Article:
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DFA Takes Action to Help Members

U.S. dairy farmers face unprecedented losses in 2009, cooperative working on several initiatives to help.

With dairy prices plummeting, management of Dairy Farmers of America, taking measures to assist their members through this uniquely challenging low price cycle.

"Although we expect to have to manage through volatility in this industry, this down cycle is an especially bad one," said Tom Camerlo, chairman of DFA and a dairy producer from Florence, Colo. "We are seeing drastically low milk prices at a time when on-farm costs are at historically high levels. Compounding this is the fact that we are in a global economic crisis. As a cooperative, we are concerned about the stress this difficult situation is placing on our members."

DFA has several initiatives underway designed to ease the burden on members. Among these initiatives are:

• Continued support for the Cooperatives Working Together (CWT) program, a dairy farmer-funded self-help initiative designed to strengthen and stabilize milk prices by balancing supply with demand.

• The establishment of a DFA Cares Hotline, a 24-hour support system to offer assistance to members. By calling a toll-free number, producers can speak to a DFA staff member and ask general questions, seek market information or, in some cases, receive consultative assistance. Through DFA, members also have access to a Member Assistance Program, operated by a third party, which offers financial and legal advice and resources to deal with farm and family stress.

• Working extensively with the financial community to educate them on the dire conditions dairy farmers face and to discuss ways in which we can collaborate to assist our members. DFA recently conducted a webinar for more than 500 members of the lending and agribusiness community, as well as nutritionists, suppliers, academia and others with a stake in dairy farmers' futures.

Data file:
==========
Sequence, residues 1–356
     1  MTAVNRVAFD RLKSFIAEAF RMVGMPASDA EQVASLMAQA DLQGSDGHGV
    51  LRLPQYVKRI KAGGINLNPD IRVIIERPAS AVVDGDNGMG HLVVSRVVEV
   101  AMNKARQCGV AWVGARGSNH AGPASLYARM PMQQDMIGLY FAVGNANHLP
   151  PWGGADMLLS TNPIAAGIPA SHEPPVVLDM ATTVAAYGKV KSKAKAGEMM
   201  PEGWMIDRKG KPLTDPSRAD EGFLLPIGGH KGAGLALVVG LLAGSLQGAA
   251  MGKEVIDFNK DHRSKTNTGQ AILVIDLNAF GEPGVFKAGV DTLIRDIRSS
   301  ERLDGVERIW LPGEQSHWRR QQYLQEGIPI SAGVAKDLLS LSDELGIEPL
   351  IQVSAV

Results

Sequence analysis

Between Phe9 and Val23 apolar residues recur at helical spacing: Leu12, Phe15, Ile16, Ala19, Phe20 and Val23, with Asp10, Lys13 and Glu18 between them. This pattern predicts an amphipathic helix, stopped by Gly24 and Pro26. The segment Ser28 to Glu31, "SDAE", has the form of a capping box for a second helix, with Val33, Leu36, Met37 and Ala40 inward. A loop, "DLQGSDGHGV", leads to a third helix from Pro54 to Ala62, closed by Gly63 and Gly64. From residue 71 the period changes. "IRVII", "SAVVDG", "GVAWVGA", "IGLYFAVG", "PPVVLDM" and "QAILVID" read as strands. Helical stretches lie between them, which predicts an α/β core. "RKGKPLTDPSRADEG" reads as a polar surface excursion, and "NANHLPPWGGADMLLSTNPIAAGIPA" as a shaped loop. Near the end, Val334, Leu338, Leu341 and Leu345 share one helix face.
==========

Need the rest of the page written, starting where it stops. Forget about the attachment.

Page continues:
• Working hard to secure the best possible price for members through maximizing premiums and working closely with suppliers and customers to maximize efficiencies in the supply chain.

• Continuing development of new products and technology to increase and serve unmet domestic needs and international demand. Some of the ways we are accomplishing this is by seeking better utilization of government feeding programs for domestic and international consumption, and supporting Dairy Management Inc. (DMI) on initiatives such as the recently launched specialty pizzas from Domino's, which use 40 percent more cheese per pizza.

• Legislatively, DFA staff in Washington, D.C., are working closely with lawmakers and the U.S. Department of Agriculture to enact or expand government programs that will benefit dairy producers, including utilization of the Dairy Export Incentive Program. In addition, we continue to advocate for fair trade policy, constructive small business/farmer-friendly tax policy, and balanced policy on environmental matters and immigration.

• DFA also offers several programs and services designed to help members manage their on-farm costs and their price volatility risk. Forward contracting services through Dairy Risk Management Services and bulk-buying programs are just two examples.

"It is important right now that we offer all the support we can to our members," said Camerlo. "DFA is committed to bringing value to members and these initiatives are just a few ways we are doing that."

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